Construction projects will always require inspections. They are necessary for the safety, consistency, and reliability of a project. That doesn’t mean there isn’t anxiety. At LandSouth, it’s our responsibility as the general contractor to make sure every project passes inspection at each key step – whether it’s the ground where the development will reside, the framing, or the electrical and plumbing, just to name a few. Every element is important. After all, someday people will call the projects we build “home”. Inspectors help us make this happen. So, let’s dive a little deeper into who the inspector or inspectors are and the responsibilities they hold. Time to meet your friendly neighborhood inspector.
Inspectors are key partners in the construction process. They are not there to intentionally slow down a project. They are fundamental to helping us deliver the highest quality developments, and they work with us from dirt all the way to completion. Inspectors are responsible for confirming that everything is up to code. Nothing can progress until the inspector gives the official thumbs up. So, what do they inspect? Here are a few examples:
- • Site work (soil testing and compaction)
- • Underground connections
- • Concrete Slabs
- • Framing
- • Electrical
- • Plumbing
- • HVAC
Who does the inspector represent? It can vary, but normally it is the local municipality– the city, the county, the local government. Developers and owners may hire them independently. Sometimes the local government employs inspectors directly, and sometimes they’re third-party contractors. Regardless, every inspector is committed to ensuring every development meets local build standards and requirements – as are the construction companies. Everyone must work together.
Projects have schedules and timelines. Inspectors have schedules and commitments. The real challenge is merging these schedules, timelines, and commitments so deadlines are met. One missed appointment, one delayed inspection, and especially one failed inspection can throw off all timelines.
Expectations and deliverables also come into play. Inspectors know what they are looking for. Plus, they may know specific issues that can occur in a local area. General contractors need to deliver and this insider information can prove incredibly useful. Inspectors should be viewed as a fountain of knowledge.
How can construction companies tap into all of this? Strong inspector relationships can lead to a smoother construction process that sticks to the timeline and delivers or exceeds developer expectations. How can a project team build these strong relationships with their inspectors? The keys are communication and relationship building.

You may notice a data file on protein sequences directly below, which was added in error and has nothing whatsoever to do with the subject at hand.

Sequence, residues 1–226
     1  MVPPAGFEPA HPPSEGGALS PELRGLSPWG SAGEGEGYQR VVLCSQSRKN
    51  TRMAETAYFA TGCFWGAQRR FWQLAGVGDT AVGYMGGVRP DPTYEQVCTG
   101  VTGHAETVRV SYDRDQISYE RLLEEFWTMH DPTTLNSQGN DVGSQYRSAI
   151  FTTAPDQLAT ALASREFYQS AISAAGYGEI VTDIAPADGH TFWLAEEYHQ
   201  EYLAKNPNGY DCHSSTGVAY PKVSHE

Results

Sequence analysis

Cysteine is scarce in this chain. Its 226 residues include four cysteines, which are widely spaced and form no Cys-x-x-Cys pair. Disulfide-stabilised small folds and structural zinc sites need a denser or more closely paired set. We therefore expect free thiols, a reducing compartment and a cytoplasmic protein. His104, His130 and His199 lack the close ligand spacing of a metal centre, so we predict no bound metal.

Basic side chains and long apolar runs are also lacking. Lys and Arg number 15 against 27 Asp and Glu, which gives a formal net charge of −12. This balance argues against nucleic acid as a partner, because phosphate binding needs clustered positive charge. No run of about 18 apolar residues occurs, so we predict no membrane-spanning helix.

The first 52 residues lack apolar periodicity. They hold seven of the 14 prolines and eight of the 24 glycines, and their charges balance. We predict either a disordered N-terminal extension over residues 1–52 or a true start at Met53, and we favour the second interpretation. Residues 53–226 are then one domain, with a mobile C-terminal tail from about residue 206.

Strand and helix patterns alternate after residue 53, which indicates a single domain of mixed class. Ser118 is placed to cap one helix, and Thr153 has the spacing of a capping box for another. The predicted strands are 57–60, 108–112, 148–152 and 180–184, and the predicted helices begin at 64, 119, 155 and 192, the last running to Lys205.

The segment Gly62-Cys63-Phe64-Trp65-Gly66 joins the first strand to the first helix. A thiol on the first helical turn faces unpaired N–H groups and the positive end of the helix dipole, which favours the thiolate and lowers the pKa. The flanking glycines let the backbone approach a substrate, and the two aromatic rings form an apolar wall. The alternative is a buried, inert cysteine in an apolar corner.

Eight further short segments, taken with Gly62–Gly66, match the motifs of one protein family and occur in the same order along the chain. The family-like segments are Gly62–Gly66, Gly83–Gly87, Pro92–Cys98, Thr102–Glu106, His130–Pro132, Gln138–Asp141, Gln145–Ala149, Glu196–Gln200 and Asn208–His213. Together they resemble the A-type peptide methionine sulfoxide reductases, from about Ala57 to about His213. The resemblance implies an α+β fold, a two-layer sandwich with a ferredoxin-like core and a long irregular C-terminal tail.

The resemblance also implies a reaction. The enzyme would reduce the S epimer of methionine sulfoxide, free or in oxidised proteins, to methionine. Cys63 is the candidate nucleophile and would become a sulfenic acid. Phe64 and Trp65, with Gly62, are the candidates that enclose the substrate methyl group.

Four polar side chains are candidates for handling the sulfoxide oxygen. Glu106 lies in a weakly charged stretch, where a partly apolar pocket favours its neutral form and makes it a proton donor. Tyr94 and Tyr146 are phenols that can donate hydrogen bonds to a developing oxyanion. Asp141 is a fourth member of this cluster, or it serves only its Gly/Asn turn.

Consistent, upfront, ongoing communication often leads to strong relationships. Solid relationships usually make communication easier and more likely to occur. Can you have a good working relationship with an inspector prior to the establishment of consistent, open communications? Can those relationships only develop over time through ongoing communications? Is it important to have strong relationships with inspectors? Think about the control and influencer of inspectors. The real question is: why wouldn’t you want a strong relationship with inspectors?
In our next article, we’ll set out to answer these questions and demonstrate the difference that seeing inspectors as partners, not adversaries, can make. We’ll include tips on how to communicate and share information from the beginning, and develop strong relationships.
As a general contractor, our goal is to deliver safe, solidly built, and beautiful developments. Inspectors are critical partners that help us bring those best-in-class developments to life. It’s time to build strong, beneficial relationships and learn how inspectors can make the building process smoother.
ABOUT LANDSOUTH CONSTRUCTION…Building Ideas
LandSouth Construction, the Southeast’s premier general contractor, specializing in multifamily, senior living, and mixed–use development, was named one of the nation’s Top 25 apartment builders by the National Multifamily Housing Council. Since 1998 LandSouth has transformed ideas into best–in–class communities through superior construction management and building long–term relationships. Headquartered in Jacksonville, Fla. LandSouth has completed more than 18,000 units including apartments, hotels, senior living, student and military housing, condominiums, townhomes, and mixed–use. For more information, please contact Erica Zumstein at 904.273.6004 ext. 109 | email@example.com or visit www.landsouth.com